Last year I applied for NSF’s Postdoc utilizing museum collections, the first year for that particular competition. My colleagues have started asking for advice on applying, so I went to NSF’s awards website and saw the types of projects they funded. I summarize a few results below.
In 2015, there were 56 proposals submitted and 27 funded (48% funding rate). The break down based on priority was:
- High: 7
- Medium: 10
- Low: 22
- Do Not Fund: 17
I think there is some good news in here for us young researchers who may not understand how funding works. Specifically, it was not only the High Priority proposals that were funded, there must have been Medium and Low Priority proposals also funded.
Of the funded proposals 18 focused on vertebrates (birds: 8; mammals: 4), 4 on invertebrates, 4 on plants, and 1 was very difficult to tell the focal species.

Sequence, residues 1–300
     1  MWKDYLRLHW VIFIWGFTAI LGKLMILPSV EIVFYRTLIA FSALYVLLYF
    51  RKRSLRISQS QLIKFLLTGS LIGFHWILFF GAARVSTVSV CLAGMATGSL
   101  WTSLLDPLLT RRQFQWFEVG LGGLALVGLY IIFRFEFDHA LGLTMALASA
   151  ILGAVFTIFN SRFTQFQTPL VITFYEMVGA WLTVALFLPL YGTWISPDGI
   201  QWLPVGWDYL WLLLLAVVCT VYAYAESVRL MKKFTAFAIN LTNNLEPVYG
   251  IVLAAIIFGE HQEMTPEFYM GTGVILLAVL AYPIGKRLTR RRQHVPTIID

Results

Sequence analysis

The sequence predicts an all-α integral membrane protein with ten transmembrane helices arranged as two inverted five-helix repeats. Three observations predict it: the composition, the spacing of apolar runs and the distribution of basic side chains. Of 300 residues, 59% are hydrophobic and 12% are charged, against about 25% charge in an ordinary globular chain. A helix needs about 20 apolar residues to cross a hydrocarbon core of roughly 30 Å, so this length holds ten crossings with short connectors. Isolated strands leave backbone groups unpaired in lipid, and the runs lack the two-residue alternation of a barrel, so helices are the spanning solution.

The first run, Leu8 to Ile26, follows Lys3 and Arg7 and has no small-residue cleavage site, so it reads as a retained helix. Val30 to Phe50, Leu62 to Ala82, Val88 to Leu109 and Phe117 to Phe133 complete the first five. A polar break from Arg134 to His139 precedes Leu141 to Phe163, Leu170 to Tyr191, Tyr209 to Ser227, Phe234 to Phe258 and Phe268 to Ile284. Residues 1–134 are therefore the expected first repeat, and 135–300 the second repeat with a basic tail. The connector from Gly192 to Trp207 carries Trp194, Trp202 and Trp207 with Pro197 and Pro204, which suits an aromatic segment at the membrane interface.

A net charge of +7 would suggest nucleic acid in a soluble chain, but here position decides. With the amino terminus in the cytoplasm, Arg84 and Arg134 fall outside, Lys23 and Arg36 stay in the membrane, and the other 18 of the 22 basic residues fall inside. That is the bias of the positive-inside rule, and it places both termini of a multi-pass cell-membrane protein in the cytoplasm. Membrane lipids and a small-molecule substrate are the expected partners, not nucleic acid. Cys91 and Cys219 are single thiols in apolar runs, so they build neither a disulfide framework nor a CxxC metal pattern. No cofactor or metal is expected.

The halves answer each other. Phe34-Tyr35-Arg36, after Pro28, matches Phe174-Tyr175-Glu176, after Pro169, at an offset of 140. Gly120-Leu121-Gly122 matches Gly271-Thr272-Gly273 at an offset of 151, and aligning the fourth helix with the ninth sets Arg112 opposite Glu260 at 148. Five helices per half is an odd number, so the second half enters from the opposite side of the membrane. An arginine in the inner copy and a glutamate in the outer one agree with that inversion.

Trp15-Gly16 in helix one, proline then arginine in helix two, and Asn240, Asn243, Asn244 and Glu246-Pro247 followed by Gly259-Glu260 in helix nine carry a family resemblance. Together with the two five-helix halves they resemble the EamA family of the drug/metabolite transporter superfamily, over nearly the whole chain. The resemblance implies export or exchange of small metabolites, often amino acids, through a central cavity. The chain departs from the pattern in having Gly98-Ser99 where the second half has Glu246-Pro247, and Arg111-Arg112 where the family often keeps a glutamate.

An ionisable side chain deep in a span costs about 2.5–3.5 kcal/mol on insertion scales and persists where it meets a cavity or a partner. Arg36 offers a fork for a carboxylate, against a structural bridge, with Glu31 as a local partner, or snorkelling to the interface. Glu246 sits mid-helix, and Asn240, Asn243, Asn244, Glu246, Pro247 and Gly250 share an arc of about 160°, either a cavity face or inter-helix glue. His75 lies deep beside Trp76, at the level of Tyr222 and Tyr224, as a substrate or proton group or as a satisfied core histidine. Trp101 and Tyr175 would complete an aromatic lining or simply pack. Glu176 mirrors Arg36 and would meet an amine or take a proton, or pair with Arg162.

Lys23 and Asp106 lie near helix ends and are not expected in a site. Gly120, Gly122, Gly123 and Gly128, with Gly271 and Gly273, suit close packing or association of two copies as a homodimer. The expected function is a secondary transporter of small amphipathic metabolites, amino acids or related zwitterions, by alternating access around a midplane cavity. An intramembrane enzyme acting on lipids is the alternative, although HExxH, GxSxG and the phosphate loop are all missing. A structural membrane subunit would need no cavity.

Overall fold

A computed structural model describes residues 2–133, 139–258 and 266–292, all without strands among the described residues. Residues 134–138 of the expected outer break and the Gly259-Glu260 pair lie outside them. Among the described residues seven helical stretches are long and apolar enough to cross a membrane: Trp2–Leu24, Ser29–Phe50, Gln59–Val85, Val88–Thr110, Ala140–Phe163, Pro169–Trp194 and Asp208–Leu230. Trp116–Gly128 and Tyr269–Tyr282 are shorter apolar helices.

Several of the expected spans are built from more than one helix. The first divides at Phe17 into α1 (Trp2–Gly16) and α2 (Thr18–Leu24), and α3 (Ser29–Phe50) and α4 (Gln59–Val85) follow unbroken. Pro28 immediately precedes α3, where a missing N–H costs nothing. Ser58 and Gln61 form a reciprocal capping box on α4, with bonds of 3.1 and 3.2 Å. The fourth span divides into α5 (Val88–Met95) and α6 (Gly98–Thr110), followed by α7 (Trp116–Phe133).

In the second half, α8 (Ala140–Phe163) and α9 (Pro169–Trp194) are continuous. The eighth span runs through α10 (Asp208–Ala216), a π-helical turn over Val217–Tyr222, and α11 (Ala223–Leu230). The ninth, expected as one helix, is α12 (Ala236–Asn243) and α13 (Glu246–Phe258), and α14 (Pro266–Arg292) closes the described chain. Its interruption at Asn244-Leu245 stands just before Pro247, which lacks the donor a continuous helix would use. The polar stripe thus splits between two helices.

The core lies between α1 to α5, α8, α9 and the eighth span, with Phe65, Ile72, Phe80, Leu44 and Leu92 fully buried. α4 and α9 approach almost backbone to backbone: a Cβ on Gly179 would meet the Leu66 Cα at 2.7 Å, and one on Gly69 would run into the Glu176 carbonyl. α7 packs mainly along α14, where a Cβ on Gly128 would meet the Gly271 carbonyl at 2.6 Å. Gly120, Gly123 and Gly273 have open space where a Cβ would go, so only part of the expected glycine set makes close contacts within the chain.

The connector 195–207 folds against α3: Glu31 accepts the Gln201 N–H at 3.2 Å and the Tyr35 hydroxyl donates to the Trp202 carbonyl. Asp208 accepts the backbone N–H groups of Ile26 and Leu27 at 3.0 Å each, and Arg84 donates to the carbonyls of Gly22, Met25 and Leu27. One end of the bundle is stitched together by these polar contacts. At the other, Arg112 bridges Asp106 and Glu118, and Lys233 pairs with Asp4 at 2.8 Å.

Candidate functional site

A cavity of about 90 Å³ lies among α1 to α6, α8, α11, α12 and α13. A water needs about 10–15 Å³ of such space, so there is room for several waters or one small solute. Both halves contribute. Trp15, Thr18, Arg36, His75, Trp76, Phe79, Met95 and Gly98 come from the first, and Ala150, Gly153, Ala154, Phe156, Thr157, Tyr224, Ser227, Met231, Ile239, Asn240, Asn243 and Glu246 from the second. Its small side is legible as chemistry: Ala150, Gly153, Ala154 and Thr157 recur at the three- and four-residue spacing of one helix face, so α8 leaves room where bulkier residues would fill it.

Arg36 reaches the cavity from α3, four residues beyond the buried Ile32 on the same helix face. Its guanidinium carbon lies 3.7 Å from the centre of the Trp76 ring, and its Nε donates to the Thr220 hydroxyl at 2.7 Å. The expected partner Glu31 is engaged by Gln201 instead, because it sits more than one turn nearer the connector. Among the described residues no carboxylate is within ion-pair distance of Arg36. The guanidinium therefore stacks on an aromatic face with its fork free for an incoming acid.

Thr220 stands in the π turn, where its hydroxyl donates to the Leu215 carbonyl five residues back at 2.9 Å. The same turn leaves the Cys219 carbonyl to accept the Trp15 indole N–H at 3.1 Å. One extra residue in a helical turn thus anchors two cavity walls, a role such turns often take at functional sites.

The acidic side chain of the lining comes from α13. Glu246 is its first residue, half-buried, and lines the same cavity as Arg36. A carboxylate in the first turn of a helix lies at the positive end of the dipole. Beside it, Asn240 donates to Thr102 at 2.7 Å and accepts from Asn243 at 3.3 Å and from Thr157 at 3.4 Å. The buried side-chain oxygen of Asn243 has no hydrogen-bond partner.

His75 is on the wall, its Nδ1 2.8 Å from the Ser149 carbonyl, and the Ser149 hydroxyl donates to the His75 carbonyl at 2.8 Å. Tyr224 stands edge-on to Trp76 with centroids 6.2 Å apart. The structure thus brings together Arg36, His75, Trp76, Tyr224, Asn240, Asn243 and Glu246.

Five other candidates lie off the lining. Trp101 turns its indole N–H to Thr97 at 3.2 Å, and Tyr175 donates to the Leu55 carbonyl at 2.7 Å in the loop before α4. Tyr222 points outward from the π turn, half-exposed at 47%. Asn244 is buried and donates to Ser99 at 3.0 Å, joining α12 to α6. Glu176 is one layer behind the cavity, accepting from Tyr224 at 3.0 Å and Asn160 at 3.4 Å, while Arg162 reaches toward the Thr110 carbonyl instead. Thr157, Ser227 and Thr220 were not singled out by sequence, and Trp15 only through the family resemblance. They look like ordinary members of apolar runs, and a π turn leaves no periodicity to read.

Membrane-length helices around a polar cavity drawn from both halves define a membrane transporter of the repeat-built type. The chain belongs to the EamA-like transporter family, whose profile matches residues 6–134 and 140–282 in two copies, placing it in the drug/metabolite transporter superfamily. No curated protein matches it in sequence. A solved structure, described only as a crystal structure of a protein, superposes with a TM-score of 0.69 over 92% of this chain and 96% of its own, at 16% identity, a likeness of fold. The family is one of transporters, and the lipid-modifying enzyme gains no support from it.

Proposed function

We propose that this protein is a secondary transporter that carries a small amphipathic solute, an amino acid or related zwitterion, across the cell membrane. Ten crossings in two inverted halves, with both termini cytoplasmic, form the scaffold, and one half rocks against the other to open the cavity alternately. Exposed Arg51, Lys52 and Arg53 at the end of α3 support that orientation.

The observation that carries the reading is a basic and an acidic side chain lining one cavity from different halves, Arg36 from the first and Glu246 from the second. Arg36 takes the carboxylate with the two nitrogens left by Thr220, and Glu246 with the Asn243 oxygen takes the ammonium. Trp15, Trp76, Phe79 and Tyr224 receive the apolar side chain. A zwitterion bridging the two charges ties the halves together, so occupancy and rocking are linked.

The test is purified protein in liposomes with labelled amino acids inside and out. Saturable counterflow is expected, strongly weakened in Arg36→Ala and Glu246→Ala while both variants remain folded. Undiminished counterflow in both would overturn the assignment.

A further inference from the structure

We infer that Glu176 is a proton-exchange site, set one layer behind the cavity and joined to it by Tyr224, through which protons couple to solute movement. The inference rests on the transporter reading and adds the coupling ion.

Since museum collections lend themselves to both genomic approaches and studies of morphometrics, I counted the number of proposals that mentioned each technique. Based on the abstracts, 54% of will use genomics, and 15% will collect morphometric data. I would say these are minimum estimates as some abstracts were unclear.
Finally, I counted the number of museums that each proposal would partner. On average, funded proposals will work with 2.7 museums (range 1-6), although seven abstracts did not report number of partner museums. This is critical in the writing stage as you will need a letter of support from each museum partner.
Of course none of these stats suggest how to frame an interesting and relevant question that utilizes museum collections. I present them simply as a snapshot of what was funded the first year of this unique postdoc.